But together they decided, against all odds, to give love a chance.
They almost didn’t make it to their marriage day. Mary became pregnant, and in a world that did judge and condemn, this was a big problem.
Joseph didn’t think he could possibly marry her. After all, it had appeared that she had given herself to someone else. A situation like that is no way to begin a marriage.
But Joseph was a righteous man. He always tried to do what was right. He treated people with kindness as much as he could.  It was a dog-eat-dog world, a world where people tried to prove how tough they were, how bad-ass they were, but that was not Joseph’s way. Joseph was a gentleman. He favored gentleness and kindness. He showed respect toward all people. And because he did still love Mary despite what had happened, he decided to dismiss her quietly (as the scripture says), without dragging her name through the mud, without judging her or condemning her.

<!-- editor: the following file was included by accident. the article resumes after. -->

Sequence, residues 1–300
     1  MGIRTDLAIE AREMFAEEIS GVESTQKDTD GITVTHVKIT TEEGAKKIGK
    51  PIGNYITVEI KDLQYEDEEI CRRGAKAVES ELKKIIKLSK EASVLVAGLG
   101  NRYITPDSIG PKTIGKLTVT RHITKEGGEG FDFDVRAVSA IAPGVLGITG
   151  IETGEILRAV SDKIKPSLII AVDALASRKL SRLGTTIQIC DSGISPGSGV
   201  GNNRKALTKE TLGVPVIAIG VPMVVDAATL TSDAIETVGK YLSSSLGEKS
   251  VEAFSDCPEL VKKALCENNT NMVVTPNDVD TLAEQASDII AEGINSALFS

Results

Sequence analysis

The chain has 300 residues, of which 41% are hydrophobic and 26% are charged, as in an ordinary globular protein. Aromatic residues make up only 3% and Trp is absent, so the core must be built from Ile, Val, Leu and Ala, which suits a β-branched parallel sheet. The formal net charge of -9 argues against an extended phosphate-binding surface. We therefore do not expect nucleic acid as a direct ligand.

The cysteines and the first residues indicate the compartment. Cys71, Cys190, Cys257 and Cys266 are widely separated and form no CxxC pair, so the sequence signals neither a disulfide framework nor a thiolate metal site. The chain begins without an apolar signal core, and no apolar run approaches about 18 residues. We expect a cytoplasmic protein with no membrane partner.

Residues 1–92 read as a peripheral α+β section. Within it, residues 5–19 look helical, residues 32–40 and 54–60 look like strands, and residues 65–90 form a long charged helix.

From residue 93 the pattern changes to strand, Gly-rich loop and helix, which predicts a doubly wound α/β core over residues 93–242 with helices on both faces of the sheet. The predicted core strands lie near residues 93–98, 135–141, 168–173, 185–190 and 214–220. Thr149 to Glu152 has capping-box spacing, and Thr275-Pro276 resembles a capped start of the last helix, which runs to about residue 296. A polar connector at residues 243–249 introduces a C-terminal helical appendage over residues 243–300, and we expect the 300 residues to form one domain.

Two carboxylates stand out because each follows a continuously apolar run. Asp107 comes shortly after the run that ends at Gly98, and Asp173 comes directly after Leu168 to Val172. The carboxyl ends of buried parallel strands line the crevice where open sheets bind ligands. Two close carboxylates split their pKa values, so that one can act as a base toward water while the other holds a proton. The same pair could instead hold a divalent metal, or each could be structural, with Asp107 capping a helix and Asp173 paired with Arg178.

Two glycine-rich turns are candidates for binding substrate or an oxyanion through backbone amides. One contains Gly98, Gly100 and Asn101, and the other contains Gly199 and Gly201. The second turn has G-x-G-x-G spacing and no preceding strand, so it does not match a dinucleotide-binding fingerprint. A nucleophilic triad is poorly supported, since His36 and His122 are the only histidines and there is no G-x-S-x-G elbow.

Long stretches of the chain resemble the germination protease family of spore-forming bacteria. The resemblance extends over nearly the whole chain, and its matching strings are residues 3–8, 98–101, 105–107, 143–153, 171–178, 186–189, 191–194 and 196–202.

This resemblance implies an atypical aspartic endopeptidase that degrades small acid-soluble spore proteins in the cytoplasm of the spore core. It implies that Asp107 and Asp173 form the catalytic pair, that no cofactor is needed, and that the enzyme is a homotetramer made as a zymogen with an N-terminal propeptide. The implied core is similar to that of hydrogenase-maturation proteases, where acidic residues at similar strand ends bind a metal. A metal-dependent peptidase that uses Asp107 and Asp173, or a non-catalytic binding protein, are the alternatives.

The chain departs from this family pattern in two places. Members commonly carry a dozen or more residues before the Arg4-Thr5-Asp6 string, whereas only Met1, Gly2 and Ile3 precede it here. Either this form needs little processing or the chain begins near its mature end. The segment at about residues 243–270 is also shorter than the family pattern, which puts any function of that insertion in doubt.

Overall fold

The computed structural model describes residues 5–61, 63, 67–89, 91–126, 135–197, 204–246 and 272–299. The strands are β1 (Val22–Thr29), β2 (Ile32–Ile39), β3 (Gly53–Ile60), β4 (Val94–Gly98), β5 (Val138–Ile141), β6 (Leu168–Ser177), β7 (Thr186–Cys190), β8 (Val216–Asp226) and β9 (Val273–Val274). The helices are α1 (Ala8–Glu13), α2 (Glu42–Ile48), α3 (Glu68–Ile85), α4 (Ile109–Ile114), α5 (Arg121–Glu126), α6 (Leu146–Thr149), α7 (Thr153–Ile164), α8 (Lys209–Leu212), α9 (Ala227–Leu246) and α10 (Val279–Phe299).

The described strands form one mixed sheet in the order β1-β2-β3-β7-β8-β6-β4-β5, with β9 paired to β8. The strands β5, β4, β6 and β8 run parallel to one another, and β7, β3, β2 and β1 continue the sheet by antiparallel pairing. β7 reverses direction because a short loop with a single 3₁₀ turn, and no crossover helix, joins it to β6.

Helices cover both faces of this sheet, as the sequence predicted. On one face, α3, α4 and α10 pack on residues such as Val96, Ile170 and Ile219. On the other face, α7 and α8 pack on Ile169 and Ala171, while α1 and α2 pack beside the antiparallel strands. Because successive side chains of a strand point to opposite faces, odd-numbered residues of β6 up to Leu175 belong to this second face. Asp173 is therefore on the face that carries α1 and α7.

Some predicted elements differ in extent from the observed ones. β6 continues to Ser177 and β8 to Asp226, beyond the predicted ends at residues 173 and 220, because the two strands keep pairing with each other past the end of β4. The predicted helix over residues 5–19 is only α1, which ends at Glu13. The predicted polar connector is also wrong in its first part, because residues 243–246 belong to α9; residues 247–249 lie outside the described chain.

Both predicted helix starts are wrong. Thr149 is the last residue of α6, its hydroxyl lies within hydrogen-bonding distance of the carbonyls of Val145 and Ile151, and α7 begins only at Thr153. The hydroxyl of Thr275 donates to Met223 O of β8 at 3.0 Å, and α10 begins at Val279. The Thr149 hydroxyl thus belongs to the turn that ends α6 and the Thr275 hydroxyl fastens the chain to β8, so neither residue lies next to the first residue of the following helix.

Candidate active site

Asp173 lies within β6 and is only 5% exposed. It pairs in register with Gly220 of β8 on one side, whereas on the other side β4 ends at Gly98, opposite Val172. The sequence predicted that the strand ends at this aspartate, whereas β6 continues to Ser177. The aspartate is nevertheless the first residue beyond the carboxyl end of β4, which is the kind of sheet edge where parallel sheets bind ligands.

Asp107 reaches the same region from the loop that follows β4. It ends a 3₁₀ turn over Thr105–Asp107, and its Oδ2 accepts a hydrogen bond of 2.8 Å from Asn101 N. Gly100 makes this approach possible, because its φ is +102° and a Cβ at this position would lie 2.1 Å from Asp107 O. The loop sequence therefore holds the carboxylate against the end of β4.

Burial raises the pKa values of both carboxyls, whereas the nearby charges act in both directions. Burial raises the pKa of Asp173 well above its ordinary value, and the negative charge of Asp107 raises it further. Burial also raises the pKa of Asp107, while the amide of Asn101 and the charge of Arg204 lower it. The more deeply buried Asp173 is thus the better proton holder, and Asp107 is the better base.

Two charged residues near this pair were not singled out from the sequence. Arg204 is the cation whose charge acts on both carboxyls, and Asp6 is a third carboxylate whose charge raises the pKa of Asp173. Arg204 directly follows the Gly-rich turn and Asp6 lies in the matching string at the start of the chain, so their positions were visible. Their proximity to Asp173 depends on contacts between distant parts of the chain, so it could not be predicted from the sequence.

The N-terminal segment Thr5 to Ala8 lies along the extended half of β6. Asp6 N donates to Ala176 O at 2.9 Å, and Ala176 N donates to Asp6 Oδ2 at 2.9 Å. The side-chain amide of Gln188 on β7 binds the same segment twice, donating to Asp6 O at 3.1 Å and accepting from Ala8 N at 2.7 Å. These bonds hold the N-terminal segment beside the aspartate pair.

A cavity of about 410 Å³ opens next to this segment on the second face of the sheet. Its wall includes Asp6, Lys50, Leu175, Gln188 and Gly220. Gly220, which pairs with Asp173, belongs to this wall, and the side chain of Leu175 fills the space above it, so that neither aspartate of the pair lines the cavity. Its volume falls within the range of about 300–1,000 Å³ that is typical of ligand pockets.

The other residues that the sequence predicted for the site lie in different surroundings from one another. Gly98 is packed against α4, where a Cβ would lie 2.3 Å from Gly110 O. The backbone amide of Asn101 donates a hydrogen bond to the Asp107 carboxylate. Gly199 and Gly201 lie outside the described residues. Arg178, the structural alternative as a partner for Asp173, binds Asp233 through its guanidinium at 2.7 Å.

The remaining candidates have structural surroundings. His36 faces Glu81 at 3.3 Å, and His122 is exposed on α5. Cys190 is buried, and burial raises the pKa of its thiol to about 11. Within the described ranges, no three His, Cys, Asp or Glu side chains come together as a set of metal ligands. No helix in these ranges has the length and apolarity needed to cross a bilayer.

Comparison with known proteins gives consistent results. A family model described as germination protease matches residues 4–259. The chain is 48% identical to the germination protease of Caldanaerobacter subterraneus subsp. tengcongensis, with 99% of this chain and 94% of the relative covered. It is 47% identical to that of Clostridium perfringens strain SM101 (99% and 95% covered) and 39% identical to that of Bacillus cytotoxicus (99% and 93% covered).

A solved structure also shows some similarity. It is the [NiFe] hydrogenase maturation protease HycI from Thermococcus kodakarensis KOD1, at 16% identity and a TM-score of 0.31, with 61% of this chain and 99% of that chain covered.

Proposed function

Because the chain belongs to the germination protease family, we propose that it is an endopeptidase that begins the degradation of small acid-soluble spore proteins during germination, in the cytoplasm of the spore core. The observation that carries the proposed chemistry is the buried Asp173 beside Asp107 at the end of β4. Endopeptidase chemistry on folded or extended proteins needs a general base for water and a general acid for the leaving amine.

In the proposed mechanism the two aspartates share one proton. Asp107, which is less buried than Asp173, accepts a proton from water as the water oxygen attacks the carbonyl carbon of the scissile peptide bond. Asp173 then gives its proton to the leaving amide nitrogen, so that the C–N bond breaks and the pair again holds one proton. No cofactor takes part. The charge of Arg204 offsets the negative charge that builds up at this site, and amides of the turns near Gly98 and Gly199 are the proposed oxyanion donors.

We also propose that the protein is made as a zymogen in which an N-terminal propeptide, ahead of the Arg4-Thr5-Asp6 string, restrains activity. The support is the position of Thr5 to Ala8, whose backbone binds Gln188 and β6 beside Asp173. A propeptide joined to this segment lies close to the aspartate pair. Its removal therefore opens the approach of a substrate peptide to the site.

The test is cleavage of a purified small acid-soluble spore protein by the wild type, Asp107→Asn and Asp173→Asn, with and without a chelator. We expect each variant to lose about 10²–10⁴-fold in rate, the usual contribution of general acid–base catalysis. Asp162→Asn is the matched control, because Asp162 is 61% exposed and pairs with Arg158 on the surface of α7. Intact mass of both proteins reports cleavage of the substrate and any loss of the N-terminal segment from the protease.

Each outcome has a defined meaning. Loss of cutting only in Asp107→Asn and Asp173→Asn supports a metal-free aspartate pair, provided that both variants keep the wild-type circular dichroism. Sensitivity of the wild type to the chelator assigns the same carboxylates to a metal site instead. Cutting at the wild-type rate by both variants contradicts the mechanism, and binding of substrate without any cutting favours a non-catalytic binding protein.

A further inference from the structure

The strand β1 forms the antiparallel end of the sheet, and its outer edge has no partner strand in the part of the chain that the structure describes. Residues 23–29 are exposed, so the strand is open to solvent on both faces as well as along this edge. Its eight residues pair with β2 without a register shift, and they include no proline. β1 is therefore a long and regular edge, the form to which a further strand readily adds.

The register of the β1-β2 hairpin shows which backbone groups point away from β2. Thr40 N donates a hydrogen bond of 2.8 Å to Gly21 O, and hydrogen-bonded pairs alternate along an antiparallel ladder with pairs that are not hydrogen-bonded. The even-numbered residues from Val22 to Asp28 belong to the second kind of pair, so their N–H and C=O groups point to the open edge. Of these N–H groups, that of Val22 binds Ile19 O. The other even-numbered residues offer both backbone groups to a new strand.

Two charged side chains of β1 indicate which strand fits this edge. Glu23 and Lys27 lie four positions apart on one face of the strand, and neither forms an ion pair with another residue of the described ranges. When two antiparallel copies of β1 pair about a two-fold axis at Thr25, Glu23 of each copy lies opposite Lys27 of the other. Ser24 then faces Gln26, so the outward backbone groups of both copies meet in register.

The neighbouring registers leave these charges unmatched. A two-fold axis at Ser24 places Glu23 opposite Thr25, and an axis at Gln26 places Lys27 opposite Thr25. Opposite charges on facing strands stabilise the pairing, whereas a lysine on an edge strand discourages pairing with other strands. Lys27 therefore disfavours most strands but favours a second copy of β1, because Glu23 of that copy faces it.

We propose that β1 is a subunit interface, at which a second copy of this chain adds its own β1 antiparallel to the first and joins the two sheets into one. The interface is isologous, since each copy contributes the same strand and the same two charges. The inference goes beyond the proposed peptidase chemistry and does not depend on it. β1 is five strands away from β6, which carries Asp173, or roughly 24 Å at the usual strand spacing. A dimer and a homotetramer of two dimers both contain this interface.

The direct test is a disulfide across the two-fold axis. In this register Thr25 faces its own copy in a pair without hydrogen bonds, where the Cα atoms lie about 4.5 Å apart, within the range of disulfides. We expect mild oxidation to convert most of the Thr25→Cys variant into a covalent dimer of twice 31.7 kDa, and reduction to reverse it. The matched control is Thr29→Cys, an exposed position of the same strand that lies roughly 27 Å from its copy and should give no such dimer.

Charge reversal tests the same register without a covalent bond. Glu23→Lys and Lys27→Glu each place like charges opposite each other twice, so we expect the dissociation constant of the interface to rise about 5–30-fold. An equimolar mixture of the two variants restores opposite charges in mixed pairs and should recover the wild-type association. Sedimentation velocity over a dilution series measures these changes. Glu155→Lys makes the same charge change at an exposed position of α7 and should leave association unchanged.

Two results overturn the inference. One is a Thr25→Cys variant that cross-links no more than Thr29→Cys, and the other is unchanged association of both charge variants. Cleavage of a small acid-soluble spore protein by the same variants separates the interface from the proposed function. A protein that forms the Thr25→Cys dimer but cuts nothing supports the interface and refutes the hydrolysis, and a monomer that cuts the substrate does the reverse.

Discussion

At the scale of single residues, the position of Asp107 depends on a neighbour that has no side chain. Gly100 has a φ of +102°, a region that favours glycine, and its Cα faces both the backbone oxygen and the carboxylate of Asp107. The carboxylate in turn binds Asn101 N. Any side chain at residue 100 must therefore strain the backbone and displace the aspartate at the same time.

Before acting, he decided to sleep on it, just to be sure.
Good thing, too, because that night, in a dream, an angel of the Lord appeared to him.
“Joseph, son of David,” the angel said, “Do not be afraid.”
That right there is a powerful message. In Luke’s gospel, the angels deliver the same message to the shepherds watching their flocks by night. “Do not be afraid.”
And yet they had every reason to be afraid. In that troubled time, fear is what kept you alive. And then, to have a messenger from God Almighty come speak to you personally! Imagine that! God, the master of the universe, singling you out! I know my first instinct would be to be afraid.
But remember: nothing God does is about judging or condemning. It’s all about God so loving the world. Have we forgotten that already?
The angel said, “Joseph, do not be afraid to take Mary as your wife, for the child conceived in her is from the Holy Spirit.”
And Joseph, when he awoke, followed the angel’s instructions. He stayed with Mary. Their love continued. And together, they raised the baby that was born, the baby they named Jesus.
Now, they were just a poor young couple living in a remote village of no consequence. Their love for each other and for their new baby was everything to them, but compared to the vast Roman Empire, it was miniscule. Even if they wanted to create a better world, what could they do? They weren’t anyone that anyone would pay any attention to. They were just Joseph and Mary. Their love was like a speck of dust compared to the might and power of the great and terrible Roman Empire. Their love couldn’t possibly be enough.